by Ton Heinen
Part of the Advanced Quantitative Techniques in the Social Sciences Series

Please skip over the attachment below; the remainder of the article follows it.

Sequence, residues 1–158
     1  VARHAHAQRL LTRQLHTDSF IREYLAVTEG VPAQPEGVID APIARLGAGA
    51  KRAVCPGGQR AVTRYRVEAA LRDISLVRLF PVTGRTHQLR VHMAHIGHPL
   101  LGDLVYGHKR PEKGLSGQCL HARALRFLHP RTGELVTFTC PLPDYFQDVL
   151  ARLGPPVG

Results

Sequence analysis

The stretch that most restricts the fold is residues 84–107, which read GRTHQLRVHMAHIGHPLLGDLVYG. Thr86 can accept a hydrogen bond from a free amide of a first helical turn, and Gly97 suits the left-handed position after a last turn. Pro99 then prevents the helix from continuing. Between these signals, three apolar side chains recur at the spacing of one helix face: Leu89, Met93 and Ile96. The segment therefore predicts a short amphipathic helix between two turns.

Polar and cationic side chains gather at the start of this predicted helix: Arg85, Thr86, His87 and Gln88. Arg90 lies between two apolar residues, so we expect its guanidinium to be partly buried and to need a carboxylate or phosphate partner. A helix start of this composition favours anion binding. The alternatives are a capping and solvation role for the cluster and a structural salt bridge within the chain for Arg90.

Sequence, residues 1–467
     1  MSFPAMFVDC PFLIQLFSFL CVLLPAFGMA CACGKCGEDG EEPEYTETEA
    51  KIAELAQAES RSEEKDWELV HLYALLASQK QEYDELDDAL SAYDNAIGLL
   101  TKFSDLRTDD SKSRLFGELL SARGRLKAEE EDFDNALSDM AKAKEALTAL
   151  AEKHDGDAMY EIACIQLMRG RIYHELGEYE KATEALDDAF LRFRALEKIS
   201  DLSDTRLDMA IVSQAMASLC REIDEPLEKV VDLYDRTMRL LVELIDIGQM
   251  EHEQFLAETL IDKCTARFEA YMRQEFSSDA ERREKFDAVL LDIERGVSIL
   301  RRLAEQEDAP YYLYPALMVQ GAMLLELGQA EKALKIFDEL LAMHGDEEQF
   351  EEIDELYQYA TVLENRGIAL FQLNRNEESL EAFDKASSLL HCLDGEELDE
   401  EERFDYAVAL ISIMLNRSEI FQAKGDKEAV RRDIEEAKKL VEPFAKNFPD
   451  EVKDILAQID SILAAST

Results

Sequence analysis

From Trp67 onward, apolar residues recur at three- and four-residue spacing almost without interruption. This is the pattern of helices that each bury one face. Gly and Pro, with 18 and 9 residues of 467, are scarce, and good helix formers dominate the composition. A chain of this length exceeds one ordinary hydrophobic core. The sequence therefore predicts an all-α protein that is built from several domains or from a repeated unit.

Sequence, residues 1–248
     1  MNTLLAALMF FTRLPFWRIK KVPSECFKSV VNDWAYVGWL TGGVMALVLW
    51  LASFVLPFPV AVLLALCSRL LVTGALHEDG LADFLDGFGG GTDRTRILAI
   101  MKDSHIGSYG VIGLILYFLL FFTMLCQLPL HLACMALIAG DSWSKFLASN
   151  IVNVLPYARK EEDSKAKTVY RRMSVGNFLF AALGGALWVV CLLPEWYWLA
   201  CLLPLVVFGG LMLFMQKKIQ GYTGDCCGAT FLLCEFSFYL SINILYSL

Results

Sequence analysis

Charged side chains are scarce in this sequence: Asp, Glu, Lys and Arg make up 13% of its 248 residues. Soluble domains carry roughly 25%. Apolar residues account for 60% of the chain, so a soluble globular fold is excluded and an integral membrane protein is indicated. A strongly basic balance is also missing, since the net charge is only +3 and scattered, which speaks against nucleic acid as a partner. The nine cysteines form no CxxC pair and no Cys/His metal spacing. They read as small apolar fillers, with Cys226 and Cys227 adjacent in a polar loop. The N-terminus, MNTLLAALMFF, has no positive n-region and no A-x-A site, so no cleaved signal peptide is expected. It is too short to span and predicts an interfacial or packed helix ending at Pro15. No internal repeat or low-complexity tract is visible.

The standard latent class model, which has been popular among social scientists as an instrument for data reduction, is also a flexible tool for analyzing structural relationships between categorical variables and can be seen as a natural extension of the log-linear model in order to take measurement error into account. Among behavioural scientists latent trait models have been proposed as the preferable psychometric tools for measuring abilities in such a way that characteristics of items and individuals could be studied separately. However, what are the similarities and differences between the latent class model and latent trait models? Through a careful examination of these issues, Ton Heinen explores topics such as: how to estimate the parameters of latent class analysis models and latent trait models; methods for model selection; and ways to examine the correspondence between discrete latent trait models and certain restricted latent class models. In addition, he reviews log-linear models, latent trait models, a number of restricted latent class models, as well as procedures for the estimation of parameters for these models.